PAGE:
Looking back on the recovery from Superstorm Sandy, a group of local leaders, buoyed by the contents of a task force report, are stressing the importance of making sure that faith-based organizations that provided concrete aid to those in need are reimbursed for their efforts.
Recognizing the constitutional wall between church and state, Councilmember Mark Treyger stressed that, in his view, such a distinction was inappropriate when religious organizations are providing the sort of support that many provided during Superstorm Sandy, which had nothing to do with religion and everything to do with humanitarian aid, during a press conference outside Coney Island Cathedral, 2816 Mermaid Avenue, on Thursday, April 20, where he was joined by city and religious leaders to discuss the report of the Hurricane Sandy Charitable Organizations and Houses of Worship Recovery Task Force.
“We are officially recognizing and memorializing all of the extraordinary work done by faith-based communities and multiple non-profit organizations that were there for people on day one of the recovery from the worst storm in our history,” Treyger said. The purpose of the task force, he added, was not only to “give [the faith-based community] the recognition and respect that they deserve,” but also “to find ways to help build their capacity so there is no guessing game in the future.”
“The task force,” he stressed, “gives us a blueprint for identifying these critical community resources and helping build their capacity.”
According to Treyger, some of the recommendations in the report include improving coordination among government, non-profit and faith based organizations; providing governmental support for local capacity-building; improving coordination among the larger network organizations, smaller non-profit congregations, and faith based organizations; and increasing coordination of financial resources for organization both before and after a disaster.
“The government needs to be flexible and not so rigid in allowing (organizations) to provide these services and then get reimbursed for it,” the councilmember said. “If a faith-based organization helped feed and clothe people and gave them shelter, at minimum we have an obligation to reimburse them for the services that they rendered.”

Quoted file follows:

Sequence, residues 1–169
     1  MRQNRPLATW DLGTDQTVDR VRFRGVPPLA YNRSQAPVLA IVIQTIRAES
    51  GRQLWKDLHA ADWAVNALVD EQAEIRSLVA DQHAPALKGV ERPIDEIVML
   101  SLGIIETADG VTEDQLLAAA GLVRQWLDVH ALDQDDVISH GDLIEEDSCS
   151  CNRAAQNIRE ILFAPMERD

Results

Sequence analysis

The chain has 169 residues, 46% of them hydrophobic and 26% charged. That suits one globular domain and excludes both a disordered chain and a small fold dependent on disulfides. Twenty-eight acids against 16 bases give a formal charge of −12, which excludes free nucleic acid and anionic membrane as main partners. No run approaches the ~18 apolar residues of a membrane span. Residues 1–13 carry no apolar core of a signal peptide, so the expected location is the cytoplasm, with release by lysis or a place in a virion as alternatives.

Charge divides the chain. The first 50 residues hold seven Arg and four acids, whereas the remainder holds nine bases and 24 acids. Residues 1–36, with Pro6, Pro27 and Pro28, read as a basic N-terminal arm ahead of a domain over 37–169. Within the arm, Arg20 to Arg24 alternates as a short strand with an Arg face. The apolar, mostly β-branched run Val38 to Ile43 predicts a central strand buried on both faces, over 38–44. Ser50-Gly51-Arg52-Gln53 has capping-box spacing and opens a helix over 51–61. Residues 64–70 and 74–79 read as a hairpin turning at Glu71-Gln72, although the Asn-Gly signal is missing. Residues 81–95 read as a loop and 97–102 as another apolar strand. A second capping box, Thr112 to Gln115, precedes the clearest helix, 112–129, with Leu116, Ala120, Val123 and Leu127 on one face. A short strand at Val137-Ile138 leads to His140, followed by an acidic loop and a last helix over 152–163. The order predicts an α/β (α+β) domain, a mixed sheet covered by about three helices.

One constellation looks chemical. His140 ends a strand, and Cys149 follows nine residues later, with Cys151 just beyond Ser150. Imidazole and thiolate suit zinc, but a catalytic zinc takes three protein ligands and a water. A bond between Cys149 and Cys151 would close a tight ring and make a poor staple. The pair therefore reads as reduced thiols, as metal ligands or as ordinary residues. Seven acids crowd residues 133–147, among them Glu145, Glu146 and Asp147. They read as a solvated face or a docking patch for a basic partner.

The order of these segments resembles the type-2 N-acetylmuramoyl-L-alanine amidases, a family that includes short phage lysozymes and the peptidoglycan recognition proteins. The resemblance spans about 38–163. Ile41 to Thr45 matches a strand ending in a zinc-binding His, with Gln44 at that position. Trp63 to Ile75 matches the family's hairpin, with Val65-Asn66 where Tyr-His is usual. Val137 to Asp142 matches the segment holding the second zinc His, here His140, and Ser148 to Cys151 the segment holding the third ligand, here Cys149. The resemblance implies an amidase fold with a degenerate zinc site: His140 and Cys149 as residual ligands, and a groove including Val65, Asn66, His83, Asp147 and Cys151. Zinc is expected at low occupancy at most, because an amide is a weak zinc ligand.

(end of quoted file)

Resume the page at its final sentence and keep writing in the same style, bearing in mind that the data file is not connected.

Treyger also called on the federal government to amend the Stafford Act and allow faith-based communities to apply for FEMA funding. “If you have a place of worship that has a space inside that provides public benefits that was severely damaged by a natural disaster, it is unconscionable to me that the government says to that church, synagogue, or mosque, you’re on your own,” he said. “They are not teaching or preaching religion when they are helping the homeless with food and aid during their time of need. Who is going to help the helpless?”
Director of the Mayor’s Office of Recovery and Resiliency Jainey Bavishi agreed. “Too often, the relationship between government and these local organizations are a one-way push of information,” she said. “We don’t always do a very good job of fully utilizing these local resources in disaster recovery preparedness. This task force, with the deep engagement of both city and federal officials, sought to learn from the lessons of Sandy and change that dynamic.”
“They aren’t just places where people worship,” added New York Disaster Interfaith Services (NYDIS) Executive Director Peter Guidaitis. “We have to see ourselves as a web of interconnected organizations because working together is the only way our communities will be more resilient for disasters to come.”
The site of the conference was chosen in part due to the damage it sustained and the aid it provided during the superstorm. “This was a church that was devastated by Sandy,” Treyger noted. “But during the time of need, these doors remained opened. They helped feed and clothe people, and gave them supplies while they were dealing with the worst they’ve ever seen.”
“We hope that out of this report and research that we can find a way that at least the houses of worship can be reimbursed for the humanitarian services that they provide for communities after storms like this,” said Bishop Waylyn Hobbs.